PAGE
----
In Revelation 12:13, the woman is pursued, and by implication persecuted, by the dragon with the clear intention of destroying her. This would explain why she flees in Revelation 12:6. Then we are told in Revelation 12:14 that the woman is given the two wings of a great eagle and so is given help in her flight whereas in Revelation 12:6 no help is identified. Next, in Revelation 12:14 we are informed that she is carried to a place of refuge in the wilderness where she will be taken care of for a period of TT½. An important difference between Revelation 12:6 and Revelation 12:14 is that this place in the wilderness is “out of sight of the serpent”. It is quite curious that the identity of the woman’s aggressor changes from the “dragon” to the “serpent” although the same person is clearly in mind. Then we see that because the woman is out of sight, the serpent has to adopt a different “catch all” strategy to attack the woman as direct attack is not possible. So the serpent pours rivers of water out of his mouth to sweep her away. To understand this we need to recall the rivers of living water that flow from God’s throne as a picture of the work of the Holy Spirit. Here, the serpent’s counterfeit spiritual attack is designed as a catch all strategy to destroy the woman, much like Herod’s attempt to kill Jesus by killing all the babies less than two years old. The reason this attack fails is that “the earth swallowed the river”. We need to consider the vision picture here and we suggest that the reason the attack fails is that the “woman” is scattered over a large region implying that the woman is symbolic of a large group of people not a single individual.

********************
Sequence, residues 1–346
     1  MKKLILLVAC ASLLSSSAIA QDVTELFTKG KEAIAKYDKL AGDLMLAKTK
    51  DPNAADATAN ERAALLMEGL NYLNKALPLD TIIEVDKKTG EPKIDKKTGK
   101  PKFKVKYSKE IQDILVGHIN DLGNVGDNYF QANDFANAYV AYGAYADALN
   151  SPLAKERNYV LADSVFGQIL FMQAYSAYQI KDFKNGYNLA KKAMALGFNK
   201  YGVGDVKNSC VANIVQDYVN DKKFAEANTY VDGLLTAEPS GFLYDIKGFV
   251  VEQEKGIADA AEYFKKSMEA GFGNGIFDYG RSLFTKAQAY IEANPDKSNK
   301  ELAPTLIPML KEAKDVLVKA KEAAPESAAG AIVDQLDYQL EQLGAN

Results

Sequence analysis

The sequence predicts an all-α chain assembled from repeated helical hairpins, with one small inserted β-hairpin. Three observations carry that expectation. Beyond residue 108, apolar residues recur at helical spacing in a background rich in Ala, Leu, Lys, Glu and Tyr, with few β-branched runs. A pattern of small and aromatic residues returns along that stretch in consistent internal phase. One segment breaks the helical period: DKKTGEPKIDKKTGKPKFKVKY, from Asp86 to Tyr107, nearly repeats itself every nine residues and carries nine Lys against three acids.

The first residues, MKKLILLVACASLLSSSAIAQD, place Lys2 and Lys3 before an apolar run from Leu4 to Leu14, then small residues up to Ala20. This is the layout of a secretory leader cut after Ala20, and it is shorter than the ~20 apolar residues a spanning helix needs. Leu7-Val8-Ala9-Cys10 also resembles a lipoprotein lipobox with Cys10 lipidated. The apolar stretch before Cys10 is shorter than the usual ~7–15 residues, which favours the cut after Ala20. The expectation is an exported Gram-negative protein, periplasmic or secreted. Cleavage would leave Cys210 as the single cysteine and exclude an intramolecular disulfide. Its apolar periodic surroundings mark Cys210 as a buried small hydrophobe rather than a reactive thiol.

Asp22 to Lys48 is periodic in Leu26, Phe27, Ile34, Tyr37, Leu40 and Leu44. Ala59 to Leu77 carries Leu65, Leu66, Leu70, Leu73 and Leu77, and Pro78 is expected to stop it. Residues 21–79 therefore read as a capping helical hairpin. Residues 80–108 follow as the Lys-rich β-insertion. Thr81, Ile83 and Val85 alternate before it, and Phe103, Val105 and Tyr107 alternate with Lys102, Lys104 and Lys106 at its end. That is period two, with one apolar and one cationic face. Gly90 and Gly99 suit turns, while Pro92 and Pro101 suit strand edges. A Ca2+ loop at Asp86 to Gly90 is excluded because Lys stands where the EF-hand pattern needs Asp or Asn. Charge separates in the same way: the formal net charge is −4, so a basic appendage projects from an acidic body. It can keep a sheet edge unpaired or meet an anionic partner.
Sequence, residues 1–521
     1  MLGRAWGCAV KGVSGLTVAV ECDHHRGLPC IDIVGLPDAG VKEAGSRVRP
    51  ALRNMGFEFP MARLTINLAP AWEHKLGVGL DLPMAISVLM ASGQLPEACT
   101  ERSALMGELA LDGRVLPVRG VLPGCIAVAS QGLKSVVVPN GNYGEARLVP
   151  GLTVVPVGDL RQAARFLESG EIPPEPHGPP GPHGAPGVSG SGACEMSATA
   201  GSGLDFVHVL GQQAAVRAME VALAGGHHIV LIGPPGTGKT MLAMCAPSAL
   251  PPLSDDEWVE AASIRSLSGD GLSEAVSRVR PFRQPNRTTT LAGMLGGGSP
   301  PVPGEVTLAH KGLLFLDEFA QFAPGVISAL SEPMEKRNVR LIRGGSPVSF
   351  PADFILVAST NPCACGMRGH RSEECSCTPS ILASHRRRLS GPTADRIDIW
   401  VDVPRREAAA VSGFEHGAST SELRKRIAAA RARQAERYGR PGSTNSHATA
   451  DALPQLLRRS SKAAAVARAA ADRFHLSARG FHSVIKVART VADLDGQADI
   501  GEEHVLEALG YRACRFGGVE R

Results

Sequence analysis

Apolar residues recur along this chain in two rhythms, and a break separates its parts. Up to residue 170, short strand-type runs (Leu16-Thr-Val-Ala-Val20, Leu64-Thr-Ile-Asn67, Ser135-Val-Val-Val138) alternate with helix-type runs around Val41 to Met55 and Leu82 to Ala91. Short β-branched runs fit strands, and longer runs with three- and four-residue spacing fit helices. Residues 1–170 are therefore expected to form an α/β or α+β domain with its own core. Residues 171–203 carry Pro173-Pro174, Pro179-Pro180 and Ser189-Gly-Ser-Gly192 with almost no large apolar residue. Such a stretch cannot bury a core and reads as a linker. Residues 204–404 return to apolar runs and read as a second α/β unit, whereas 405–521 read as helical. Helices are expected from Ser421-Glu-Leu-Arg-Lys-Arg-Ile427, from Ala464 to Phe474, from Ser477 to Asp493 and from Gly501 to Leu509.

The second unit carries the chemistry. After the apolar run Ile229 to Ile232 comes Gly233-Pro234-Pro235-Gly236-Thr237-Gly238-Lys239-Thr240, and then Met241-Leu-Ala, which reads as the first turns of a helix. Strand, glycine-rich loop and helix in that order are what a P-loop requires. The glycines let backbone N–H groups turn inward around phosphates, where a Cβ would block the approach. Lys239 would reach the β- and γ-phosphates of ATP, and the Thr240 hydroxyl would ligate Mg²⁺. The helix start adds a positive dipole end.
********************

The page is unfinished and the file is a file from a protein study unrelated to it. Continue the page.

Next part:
The change of identity of Satan from being a “dragon” to be being a “serpent” reflects the different strategy needed to destroy the woman. As a dragon, the attack is direct and violent; as a serpent, the attack is subtle and deceptive.

So the focus on Revelation 12:13-16 is on Satan’s attempts to destroy the woman and the protection given to save her in the wilderness. This contrasts with Revelation 12:6 where the focus is on nourishing the woman in the wilderness. So what we must observe is that the period of 1260 days is related to the nourishment given to the woman at her location in the wilderness, whereas the TT½ is related to the protection given to the woman in the wilderness. The role of nourishment for 1260 days is replaced by the role of protection for a period of TT½.

When we examine the TT½ in Daniel 7:25 we see that the aggression of the little horn continues right up until the end of the age and so the protection of the woman must continue right up to the end as well. In contrast, when we examine the 1260 days in Revelation 11 it becomes apparent that there are events that follow after the end of the 1260 days before the end of the age. The TT½ must therefore be longer than the 1260 days. Although some may argue that the word translated “taken care of” in Revelation 12:6 and Revelation 12:14 means the same and therefore implies the period of time is the same length, a better explanation is provided if we include the wider context of Revelation 11 and Daniel 7 and recognise that the TT½ starts at the same time, but extends beyond the end of the 1260 days right to the end of the age.

Secondly, why does John make a distinction between the 1260 days and the 42 months?

This question is especially relevant if both are the same period of time. In my recollection, this question has not been examined, but the answer is obvious from the text. The 42 months is a period when Jerusalem is under the authority of her people’s enemies. The 1260 days is a period when the two witnesses are prophesying clothed in sackcloth and the woman has fled into the wilderness and so does not have a home so it has to do with actions of God’s people. Given that the two contexts are different, the onus is on the scholar to prove that they are the same; it cannot be assumed.